Here we will consider only hypnotic suggestibility, as measured by hypnotisability scales, and the types of suggestions which typically appear on these scales. The definition above which refers to suggestion reads as follows:

The verbal communications that the hypnotist uses to achieve these effects are termed "suggestions". Suggestion differ from everyday kinds of instructions in that a "successful" response is experienced by the subject as having a quality of involuntariness or effortlessness.

One widely held belief is that achieving this 'hypnotic state' facilitates responsiveness to suggestion. It is important to remember though that while this might be the case people do respond to suggestions of the sort given in hypnosis without being taken through a hypnotic procedure first..

It is also important to note that the well-known phenomena of hypnosis are not "spontaneous". They are produced by suggestion and are experienced as being involuntary.

The 'trance state' as defined above is produced through instructions - which the subject follows voluntarily. The induction of a hypnotic state without the introduction of suggestions (except possibly relaxation) is sometimes called 'neutral hypnosis'.

Suggestions are often accompanied by appropriate imagery but the following effects can be produced by direct suggestion without imagery:
• Relaxation
• Arm levitation
• Analgesia
• Amnesia
• Post hypnotic suggestion

 

American Psychological Association (2003) definition of hypnosis

Hypnosis typically involves an introduction to the procedure during which the subject is told that suggestions for imaginative experiences will be presented. The hypnotic induction is an extended initial suggestion for using one's imagination, and may contain further elaborations of the introduction. A hypnotic procedure is used to encourage and evaluate responses to suggestions. When using hypnosis, one person (the subject) is guided by another (the hypnotist) to respond to suggestions for changes in subjective experience, alterations in perception, sensation, emotion, thought or behavior. Persons can also learn self-hypnosis, which is the act of administering hypnotic procedures on one's own. If the subject responds to hypnotic suggestions, it is generally inferred that hypnosis has been induced. Many believe that hypnotic responses and experiences are characteristic of a hypnotic state. While some think that it is not necessary to use the word "hypnosis" as part of the hypnotic induction, others view it as essential.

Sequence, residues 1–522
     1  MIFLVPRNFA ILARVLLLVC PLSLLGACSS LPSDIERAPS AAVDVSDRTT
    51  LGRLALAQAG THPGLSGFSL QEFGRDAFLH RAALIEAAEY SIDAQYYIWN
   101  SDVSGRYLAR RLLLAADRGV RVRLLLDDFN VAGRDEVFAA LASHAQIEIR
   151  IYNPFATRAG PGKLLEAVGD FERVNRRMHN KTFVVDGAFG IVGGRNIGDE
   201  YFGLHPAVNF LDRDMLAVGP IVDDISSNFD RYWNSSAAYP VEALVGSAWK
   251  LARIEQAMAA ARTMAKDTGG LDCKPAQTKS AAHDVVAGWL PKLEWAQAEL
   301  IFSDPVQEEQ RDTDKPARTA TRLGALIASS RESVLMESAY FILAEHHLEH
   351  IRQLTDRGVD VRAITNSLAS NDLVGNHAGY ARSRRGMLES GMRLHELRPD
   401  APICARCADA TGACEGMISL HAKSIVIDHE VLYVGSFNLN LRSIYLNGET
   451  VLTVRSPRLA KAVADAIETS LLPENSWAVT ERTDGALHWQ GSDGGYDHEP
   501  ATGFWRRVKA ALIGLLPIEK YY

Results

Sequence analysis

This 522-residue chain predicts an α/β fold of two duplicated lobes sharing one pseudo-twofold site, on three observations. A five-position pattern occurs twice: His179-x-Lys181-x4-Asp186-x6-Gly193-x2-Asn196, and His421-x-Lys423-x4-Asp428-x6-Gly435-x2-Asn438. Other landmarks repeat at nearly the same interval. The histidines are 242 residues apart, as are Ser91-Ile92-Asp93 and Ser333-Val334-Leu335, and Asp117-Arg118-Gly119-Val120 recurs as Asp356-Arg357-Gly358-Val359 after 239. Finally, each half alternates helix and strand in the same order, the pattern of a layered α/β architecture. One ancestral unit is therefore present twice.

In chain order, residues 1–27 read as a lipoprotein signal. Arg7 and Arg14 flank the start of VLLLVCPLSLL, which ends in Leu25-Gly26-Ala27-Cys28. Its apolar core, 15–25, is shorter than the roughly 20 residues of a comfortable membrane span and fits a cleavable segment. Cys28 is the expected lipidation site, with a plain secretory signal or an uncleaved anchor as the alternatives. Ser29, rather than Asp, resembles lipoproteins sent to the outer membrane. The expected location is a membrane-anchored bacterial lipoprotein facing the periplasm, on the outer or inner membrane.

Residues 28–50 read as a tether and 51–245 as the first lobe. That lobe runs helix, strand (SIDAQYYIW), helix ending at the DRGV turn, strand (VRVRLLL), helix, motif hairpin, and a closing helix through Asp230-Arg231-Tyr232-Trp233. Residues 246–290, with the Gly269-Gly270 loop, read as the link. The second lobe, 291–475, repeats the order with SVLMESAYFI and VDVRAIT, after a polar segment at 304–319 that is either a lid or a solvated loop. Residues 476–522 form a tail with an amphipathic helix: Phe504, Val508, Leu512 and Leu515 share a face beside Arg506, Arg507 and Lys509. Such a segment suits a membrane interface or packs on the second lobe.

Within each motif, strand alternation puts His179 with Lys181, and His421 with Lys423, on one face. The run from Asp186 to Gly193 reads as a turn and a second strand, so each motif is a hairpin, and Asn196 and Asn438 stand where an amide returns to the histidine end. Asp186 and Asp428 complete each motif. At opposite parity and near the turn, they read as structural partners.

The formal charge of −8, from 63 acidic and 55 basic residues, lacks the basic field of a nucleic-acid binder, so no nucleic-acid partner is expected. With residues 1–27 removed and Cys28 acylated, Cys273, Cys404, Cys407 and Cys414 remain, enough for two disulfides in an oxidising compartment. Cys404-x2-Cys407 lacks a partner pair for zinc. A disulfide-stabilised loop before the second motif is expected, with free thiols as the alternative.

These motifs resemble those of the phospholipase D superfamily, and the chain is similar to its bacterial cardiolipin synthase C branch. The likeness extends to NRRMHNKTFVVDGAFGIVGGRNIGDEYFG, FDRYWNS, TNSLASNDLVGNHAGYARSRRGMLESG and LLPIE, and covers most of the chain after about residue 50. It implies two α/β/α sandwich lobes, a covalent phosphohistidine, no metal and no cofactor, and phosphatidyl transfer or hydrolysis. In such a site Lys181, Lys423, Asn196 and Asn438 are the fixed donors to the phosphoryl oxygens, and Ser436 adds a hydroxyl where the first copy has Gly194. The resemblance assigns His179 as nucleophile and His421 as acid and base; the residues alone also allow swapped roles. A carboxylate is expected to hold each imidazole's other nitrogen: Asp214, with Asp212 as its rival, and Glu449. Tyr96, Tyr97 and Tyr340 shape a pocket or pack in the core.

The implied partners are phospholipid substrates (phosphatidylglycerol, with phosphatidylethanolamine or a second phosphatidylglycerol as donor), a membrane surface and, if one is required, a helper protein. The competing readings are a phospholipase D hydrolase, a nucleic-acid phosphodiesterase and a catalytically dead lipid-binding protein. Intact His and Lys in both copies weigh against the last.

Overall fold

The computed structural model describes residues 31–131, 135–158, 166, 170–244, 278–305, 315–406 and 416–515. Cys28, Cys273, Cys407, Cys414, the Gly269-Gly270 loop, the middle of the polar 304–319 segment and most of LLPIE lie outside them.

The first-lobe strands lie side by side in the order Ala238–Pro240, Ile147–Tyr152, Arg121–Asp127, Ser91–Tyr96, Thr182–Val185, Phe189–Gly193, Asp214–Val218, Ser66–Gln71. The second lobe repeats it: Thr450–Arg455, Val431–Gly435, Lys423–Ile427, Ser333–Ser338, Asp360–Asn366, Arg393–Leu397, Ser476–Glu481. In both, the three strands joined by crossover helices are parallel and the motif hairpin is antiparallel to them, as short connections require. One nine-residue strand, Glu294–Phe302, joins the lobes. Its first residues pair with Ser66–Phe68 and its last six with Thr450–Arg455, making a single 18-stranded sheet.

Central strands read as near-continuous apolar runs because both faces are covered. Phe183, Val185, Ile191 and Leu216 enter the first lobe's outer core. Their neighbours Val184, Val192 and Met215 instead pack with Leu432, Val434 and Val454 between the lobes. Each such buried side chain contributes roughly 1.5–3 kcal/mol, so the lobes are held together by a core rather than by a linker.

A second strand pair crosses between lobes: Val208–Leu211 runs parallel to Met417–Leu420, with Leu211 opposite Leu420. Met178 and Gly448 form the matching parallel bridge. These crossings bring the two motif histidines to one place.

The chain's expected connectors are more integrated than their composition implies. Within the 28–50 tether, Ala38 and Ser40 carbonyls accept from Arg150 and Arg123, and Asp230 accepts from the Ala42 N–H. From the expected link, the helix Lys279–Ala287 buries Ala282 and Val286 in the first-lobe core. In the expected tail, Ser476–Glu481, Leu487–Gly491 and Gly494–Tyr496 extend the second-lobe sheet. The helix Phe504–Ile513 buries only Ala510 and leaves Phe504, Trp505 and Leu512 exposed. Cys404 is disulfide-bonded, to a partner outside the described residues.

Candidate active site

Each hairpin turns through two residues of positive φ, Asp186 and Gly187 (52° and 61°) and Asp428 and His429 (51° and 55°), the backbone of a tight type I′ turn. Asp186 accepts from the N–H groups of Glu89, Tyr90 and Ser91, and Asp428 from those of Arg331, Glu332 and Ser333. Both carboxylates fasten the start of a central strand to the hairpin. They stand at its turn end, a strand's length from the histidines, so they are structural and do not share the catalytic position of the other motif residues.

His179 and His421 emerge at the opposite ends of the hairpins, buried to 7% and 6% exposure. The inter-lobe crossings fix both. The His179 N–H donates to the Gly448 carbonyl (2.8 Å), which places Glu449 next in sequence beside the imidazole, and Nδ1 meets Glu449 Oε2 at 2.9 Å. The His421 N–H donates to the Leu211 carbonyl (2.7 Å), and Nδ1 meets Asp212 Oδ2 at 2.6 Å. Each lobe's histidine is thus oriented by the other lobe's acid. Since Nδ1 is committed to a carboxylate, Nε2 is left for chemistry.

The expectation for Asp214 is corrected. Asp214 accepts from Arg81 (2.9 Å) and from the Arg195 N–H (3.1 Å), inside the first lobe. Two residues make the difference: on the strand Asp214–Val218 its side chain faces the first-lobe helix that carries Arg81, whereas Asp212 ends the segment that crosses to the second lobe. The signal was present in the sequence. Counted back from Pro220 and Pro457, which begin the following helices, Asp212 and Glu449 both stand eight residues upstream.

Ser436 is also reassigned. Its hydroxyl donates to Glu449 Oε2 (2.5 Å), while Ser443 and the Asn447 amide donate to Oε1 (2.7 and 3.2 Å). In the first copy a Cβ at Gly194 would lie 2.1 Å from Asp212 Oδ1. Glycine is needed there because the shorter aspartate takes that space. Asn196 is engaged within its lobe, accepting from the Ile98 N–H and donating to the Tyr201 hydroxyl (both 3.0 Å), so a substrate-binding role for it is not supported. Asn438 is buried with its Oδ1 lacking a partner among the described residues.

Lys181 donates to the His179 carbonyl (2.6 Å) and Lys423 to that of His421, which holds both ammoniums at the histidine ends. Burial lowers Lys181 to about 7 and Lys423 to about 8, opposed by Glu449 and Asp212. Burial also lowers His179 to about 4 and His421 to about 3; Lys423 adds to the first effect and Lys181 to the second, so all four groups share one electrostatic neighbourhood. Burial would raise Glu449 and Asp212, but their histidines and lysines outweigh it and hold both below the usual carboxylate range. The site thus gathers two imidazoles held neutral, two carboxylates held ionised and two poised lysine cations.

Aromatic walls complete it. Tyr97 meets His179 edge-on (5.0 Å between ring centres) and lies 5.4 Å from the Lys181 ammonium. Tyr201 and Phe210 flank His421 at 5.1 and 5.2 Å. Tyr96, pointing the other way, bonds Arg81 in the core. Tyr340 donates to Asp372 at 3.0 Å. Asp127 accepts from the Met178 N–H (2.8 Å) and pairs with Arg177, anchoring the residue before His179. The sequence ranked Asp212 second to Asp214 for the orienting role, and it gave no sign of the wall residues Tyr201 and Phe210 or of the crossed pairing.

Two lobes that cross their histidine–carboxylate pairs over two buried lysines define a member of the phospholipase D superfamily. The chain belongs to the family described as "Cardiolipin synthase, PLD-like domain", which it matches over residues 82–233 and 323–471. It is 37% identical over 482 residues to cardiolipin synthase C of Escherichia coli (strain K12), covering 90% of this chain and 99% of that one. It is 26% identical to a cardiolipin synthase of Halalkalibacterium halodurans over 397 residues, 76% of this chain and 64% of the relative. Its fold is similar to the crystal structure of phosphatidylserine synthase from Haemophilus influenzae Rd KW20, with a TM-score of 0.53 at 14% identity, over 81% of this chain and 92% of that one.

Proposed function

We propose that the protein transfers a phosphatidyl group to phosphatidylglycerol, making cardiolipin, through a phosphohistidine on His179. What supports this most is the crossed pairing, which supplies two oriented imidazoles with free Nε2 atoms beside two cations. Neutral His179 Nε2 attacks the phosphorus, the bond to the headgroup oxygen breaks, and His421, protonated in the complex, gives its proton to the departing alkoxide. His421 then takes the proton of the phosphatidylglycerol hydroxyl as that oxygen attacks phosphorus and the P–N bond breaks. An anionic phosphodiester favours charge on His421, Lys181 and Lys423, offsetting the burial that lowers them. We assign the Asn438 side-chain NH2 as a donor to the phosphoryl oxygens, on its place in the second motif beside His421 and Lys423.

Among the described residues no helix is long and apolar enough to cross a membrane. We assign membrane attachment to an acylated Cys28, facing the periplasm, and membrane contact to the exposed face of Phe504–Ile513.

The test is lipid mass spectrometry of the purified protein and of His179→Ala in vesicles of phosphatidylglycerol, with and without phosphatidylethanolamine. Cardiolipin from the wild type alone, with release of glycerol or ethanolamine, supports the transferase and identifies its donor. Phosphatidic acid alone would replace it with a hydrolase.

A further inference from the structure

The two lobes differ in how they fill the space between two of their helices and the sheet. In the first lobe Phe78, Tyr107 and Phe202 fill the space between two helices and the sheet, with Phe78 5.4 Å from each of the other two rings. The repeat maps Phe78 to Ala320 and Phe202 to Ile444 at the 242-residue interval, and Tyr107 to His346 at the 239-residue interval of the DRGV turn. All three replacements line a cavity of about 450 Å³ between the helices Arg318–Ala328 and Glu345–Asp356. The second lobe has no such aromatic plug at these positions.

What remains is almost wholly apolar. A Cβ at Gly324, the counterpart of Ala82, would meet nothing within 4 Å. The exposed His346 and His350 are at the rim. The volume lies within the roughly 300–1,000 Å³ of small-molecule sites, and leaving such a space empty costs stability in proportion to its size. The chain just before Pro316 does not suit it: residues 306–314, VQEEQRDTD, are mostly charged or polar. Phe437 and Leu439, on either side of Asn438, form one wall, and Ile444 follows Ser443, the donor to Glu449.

Details of hypnotic procedures and suggestions will differ depending on the goals of the practitioner and the purposes of the clinical or research endeavor. Procedures traditionally involve suggestions to relax, though relaxation is not necessary for hypnosis and a wide variety of suggestions can be used including those to become more alert. Suggestions that permit the extent of hypnosis to be assessed by comparing responses to standardized scales can be used in both clinical and research settings. While the majority of individuals are responsive to at least some suggestions, scores on standardized scales range from high to negligible. Traditionally, scores are grouped into low, medium, and high categories. As is the case with other positively-scaled measures of psychological constructs such as attention and awareness, the salience of evidence for having achieved hypnosis increases with the individual's score.

 

For more information on the science behind hypnosis visit:

http://hypnosis.tools

Hypnosis.Tools is a free information resource run by Dr Matthew Whalley, a prinicpal tutor for the Hypnosis Unit UK.